Obviously, you know that investing in a larger HVAC system will cost you more money up front to buy the system but having a HVAC system that is too large for your home will also cost more money in operating costs, maintenance and repair costs, and ultimately replacement costs.

Short Cycling. It may seem odd that having a smaller, but properly sized, HVAC unit that runs for longer periods of time will use less energy than a system that is larger and doesn’t run consistently, but the reason for this has to do with short-cycling. A unit that is too large for your home will pump out a lot of air in a short period of time, quickly shut off, and then have to turn back on over and over again because the area of your home was not properly cooled. It requires much less energy to keep a smaller unit running consistently to maintain the temperature of your home than it does to have a larger unit start and stop over and over again to go through the cooling cycle repeatedly.

Expensive General Maintenance. Having a HVAC unit that is too large for your home will also cost you significantly more in the maintenance and repair costs, in every aspect, than having a smaller, properly sized unit would cost you. The larger your unit is, the larger and more expensive the air filter it will require is likely to be, and because you will need to change the air filter multiple times throughout the year these costs can really add up quickly.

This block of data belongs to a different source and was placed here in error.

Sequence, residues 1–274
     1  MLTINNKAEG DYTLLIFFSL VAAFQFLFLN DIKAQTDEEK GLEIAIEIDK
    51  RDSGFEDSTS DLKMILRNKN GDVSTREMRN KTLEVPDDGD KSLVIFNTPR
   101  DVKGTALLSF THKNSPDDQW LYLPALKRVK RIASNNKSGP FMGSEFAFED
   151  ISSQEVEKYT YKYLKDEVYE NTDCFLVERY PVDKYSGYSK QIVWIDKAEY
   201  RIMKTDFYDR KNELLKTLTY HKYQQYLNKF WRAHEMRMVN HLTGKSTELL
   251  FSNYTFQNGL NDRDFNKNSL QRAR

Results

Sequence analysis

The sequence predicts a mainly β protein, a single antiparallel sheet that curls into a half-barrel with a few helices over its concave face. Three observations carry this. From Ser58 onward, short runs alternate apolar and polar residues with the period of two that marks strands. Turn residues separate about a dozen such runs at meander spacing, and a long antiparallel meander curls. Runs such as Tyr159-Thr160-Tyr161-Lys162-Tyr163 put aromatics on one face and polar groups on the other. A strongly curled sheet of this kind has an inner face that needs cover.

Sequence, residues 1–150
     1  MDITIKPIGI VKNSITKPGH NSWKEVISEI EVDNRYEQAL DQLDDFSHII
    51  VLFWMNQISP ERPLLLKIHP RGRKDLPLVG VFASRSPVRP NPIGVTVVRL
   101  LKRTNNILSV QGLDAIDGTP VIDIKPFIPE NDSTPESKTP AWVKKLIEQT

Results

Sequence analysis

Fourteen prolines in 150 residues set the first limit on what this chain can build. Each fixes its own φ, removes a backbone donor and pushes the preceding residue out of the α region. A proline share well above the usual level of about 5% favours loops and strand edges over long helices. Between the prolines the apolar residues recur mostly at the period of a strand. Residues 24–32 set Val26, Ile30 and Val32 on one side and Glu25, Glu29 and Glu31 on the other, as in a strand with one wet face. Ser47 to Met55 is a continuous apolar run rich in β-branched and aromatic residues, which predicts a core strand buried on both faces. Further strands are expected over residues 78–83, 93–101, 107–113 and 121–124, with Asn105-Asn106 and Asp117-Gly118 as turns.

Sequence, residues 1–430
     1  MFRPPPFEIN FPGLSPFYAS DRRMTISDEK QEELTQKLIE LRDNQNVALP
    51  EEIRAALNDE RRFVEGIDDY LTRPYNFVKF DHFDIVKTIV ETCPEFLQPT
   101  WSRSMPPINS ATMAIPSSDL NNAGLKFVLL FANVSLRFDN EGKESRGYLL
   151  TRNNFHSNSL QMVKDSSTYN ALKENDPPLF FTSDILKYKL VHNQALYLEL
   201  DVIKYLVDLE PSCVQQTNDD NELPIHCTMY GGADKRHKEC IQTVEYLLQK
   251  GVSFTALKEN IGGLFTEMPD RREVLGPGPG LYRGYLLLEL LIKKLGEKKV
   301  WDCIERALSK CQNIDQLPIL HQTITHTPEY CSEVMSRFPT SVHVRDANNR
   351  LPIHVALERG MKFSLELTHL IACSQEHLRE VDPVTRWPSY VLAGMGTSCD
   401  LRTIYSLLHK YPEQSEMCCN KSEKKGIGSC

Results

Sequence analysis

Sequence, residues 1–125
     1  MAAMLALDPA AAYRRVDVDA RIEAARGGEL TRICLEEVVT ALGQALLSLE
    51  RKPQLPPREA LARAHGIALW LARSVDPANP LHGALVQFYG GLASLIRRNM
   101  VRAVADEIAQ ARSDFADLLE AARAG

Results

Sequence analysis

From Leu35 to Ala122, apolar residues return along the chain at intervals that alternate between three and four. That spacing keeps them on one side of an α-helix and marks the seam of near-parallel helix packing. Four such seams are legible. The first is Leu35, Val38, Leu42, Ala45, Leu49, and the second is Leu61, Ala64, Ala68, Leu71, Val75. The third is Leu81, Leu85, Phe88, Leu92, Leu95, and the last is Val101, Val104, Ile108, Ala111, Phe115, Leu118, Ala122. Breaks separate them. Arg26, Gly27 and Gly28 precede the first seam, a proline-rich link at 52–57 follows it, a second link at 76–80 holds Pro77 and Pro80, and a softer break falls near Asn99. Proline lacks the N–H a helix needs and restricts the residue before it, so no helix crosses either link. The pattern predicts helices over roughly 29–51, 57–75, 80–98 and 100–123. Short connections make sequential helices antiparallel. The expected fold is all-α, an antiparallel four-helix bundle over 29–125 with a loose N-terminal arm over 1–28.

Expensive Repairs. Additionally, if any repairs need to be made to a larger unit, most of the replacement parts for the unit including fans, motors, and condensers will all be more expensive than they would be for a smaller sized unit. This means if you have a unit that is too large for your home you will consistently be paying more money than you need to in order to maintain and repair the unit.

Excessive Wear and Tear. When you have a larger unit than what you need the short-cycling of the unit causes more wear and tear on the unit, increasing the likelihood of your system wearing down and needing repairs more often. An oversized unit also tends to experience premature failure, meaning you will need to replace the unit sooner than you should need to.